Sea levels are rising, glaciers are melting, and extreme weather is becoming the norm. The negative effects of man-made climate change are here to stay — and they're getting worse.
One of the major culprits is atmospheric carbon dioxide from the burning of fossil fuels like oil and coal. Luckily for the Earth, the world's supply of fossil fuels is limited. And for the past several decades, researchers have been looking for renewable energy resources to provide power to everyone without poisoning the Earth.
Some scientists think humans could be getting clean power collected from solar panels in space and beamed back down to Earth in our lifetime, and some industry startups like California-based Solaren are predicting it will be a reality by the end of the decade. Not only would the energy source be continuous, but it would also be clean and unlimited (that is, until the sun explodes).
This idea may sound like science fiction, and at one time it was. The concept originated in a short story by sci-fi author Isaac Asimov. Asimov's 1941 story envisions a world where the Earth is powered by a beam of light that draws its energy directly from the sun.
The beam is controlled by two engineers in a space station. As the story opens, they are training a robot to take over the operation. The human explains to the robot: "Our beams feed these worlds energy drawn from one of those huge incandescent globes that happens to be near us. We call that globe the Sun ... "
The thought of harnessing the power of the sun with giant solar collectors in space was pure fiction 75 years ago. But now, the day of space-based solar power may not be so far away.
Terrestrial Solar Power Versus Space-Based Solar Power
We typically think of a solar panel on the roof of someone's house converting sunlight into energy during the daytime. Sounds great, but Earth-based solar panels have their drawbacks. They don't work at night or if the sky is too cloudy. Plus, our atmosphere shields the Earth's surface from much of the sun's energy — bouncing some of the light back into space.
Now imagine if we could put a solar panel in Earth orbit — around 22,000 miles up.
"If you put the solar panel in space, it's going to be illuminated 24 hours a day, seven days a week, 99% of the year," Paul Jaffe, a spacecraft engineer at the U.S. Naval Research Laboratory, told Business Insider. Because the Earth's axis of rotation is tilted, Jaffe explains that "even on the night side of the Earth [the satellite could] be in sunlight almost all the time."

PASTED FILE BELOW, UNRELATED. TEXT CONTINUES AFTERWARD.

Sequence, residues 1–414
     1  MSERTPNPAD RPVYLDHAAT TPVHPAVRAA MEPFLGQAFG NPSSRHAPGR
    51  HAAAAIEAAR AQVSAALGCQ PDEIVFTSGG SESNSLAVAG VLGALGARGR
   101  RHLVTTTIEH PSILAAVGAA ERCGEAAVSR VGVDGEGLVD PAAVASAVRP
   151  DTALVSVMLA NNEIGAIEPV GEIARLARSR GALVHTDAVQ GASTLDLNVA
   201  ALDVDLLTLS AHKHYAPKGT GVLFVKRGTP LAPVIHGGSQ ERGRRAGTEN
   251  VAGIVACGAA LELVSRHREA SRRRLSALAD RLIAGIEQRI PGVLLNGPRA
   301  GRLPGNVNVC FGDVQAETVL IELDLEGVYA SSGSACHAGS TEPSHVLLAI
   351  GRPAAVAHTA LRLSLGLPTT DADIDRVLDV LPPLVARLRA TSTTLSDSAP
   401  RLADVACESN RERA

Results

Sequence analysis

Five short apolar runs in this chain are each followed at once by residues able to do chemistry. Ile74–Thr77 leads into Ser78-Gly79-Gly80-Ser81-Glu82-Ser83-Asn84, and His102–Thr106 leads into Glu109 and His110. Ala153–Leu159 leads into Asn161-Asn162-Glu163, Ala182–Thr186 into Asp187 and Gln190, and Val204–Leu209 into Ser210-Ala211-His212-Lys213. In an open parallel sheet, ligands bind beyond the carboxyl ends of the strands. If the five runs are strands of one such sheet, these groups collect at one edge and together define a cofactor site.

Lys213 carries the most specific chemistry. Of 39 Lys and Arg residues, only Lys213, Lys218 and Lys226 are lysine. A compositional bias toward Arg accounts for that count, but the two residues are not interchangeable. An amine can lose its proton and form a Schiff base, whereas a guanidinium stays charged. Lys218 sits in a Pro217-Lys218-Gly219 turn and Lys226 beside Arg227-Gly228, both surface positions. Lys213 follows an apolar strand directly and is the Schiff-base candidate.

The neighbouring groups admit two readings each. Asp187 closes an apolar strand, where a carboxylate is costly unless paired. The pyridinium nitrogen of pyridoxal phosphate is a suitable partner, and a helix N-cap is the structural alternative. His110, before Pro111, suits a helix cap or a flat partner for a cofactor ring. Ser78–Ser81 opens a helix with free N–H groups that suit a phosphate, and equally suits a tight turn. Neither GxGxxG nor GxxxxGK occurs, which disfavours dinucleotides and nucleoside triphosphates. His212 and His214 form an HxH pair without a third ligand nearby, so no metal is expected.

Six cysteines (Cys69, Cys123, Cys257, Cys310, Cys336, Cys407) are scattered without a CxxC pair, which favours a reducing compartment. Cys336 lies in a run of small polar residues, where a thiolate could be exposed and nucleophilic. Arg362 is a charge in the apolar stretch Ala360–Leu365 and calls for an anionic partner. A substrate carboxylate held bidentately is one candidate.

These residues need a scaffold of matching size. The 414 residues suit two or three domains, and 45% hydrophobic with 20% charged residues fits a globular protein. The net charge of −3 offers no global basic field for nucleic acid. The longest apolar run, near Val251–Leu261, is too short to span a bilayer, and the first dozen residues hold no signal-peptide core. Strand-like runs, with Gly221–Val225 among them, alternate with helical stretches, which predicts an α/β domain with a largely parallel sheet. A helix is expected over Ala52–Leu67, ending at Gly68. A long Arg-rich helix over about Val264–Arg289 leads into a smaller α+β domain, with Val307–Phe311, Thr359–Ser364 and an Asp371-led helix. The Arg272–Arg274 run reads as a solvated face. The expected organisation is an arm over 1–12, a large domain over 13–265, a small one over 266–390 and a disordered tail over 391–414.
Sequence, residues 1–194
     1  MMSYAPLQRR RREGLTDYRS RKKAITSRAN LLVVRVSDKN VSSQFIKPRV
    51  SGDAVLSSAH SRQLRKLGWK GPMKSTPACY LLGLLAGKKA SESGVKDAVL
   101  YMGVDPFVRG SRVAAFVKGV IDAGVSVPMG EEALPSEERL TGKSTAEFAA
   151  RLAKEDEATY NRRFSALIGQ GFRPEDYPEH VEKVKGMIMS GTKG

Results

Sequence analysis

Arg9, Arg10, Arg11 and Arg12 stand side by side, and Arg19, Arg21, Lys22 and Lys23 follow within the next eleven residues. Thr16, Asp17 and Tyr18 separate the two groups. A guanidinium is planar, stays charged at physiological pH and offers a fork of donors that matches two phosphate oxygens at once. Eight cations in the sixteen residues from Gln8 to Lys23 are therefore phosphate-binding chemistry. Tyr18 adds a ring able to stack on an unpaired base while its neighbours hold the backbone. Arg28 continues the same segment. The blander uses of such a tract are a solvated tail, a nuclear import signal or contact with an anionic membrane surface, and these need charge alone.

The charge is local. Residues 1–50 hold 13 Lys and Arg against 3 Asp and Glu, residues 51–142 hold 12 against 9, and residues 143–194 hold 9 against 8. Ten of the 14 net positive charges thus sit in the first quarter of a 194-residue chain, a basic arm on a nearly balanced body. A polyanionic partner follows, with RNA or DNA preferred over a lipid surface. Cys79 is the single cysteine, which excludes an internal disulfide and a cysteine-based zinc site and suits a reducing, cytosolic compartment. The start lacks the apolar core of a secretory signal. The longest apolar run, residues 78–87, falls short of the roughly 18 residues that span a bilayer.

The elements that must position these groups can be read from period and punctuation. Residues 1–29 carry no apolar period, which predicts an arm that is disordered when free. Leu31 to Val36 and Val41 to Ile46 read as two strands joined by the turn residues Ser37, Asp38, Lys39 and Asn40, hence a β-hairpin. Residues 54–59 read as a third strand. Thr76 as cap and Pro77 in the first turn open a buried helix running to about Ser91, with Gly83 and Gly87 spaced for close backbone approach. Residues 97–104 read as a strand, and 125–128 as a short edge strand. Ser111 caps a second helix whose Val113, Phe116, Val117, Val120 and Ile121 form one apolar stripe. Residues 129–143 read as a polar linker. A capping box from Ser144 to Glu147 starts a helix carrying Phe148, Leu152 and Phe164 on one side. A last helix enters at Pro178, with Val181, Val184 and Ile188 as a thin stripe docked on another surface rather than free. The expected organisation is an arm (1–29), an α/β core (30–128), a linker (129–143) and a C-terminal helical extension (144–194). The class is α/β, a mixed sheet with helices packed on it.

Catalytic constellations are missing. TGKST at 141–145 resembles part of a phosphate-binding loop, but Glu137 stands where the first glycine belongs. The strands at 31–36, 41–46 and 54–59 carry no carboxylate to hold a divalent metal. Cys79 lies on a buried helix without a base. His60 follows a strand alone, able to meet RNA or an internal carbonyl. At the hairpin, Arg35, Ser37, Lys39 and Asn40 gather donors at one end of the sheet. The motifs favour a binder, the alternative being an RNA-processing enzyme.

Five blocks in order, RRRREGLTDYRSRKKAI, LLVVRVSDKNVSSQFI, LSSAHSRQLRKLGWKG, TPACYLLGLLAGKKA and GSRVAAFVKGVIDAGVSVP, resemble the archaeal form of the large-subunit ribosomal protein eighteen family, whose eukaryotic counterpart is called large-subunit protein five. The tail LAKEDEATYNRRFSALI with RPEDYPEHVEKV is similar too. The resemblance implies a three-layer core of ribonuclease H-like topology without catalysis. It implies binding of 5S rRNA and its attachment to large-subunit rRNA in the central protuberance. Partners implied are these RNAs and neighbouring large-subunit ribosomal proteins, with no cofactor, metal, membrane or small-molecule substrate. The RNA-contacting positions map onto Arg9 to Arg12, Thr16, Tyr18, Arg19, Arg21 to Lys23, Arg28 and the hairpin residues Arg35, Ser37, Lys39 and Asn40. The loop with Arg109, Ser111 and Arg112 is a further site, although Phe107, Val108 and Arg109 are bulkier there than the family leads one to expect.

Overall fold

Jaffe predicts that individual space-based solar arrays would be able to produce from 250 megawatts to 5 gigawatts of energy. But since the sun is a continuous, renewable resource the "total amount of power that could be produced is effectively infinite," he says. Take New York City, for example, which requires 20 gigawatts of power. By Jaffe's calculation, as few as four arrays [see picture below] — if each provided 5 gigawatts — would be able to power the entire city. The cost to build one space-based solar array is somewhat of an unknown but would likely be hundreds of millions of dollars. But once the first one is manufactured, there would probably be certain economies of scale that could make production of multiple arrays cheaper.
The energy crises of the 1970s propelled the government to look into alternative energy sources as it started to become clear that oil was a limited resource and that its supply cold be subject to the whims of international politics. According to Jaffe, the conclusion at the time by NASA and the Department of Energy regarding space-based solar power technology was that it could be possible, but it would be very, very expensive.
In the intervening years, many nations studied space-based solar power, including Japan, China, and several European nations. "A lot of people have looked at this, but there has been a lot less actual development of hardware and the component technologies," said Jaffe.
In 2009, Secretary of the Navy Ray Mabus announced a series of goals to reduce the Navy's dependence on foreign oil and to increase its use of alternative energy. That same year, Jaffe received funding from the U.S. Naval Research Laboratory to improve the technology that would convert the solar energy collected in space into a different form of energy that could be transferred to Earth.
How The Technology Works
While the technology needs some improvement, the basic idea is pretty clear: The sun sends out photons, energetic packets of light, in every direction. A regular solar panel converts those photons into electrons of direct current electricity. Then, in order to power an electronic device plugged into a wall outlet, the direct current is transformed into an alternating current and sent through the power grid.
In space, the big issue is how we would get that power to the grid.
With the solar farm in space, researchers needed to figure out the most efficient way to transfer the direct current from the solar reflectors to Earth. The answer: electromagnetic waves, like those used to transmit radio frequencies or heat up your food in the microwave.
"People might not associate radio waves with carrying energy because they think of them for communications, like radio, TV, or cellphones. They don't think about them as carrying usable amounts of power," Jaffe said in a statement. Though we do know that microwaves (another subset of electromagnetic waves) carry power — their energy heats up our food!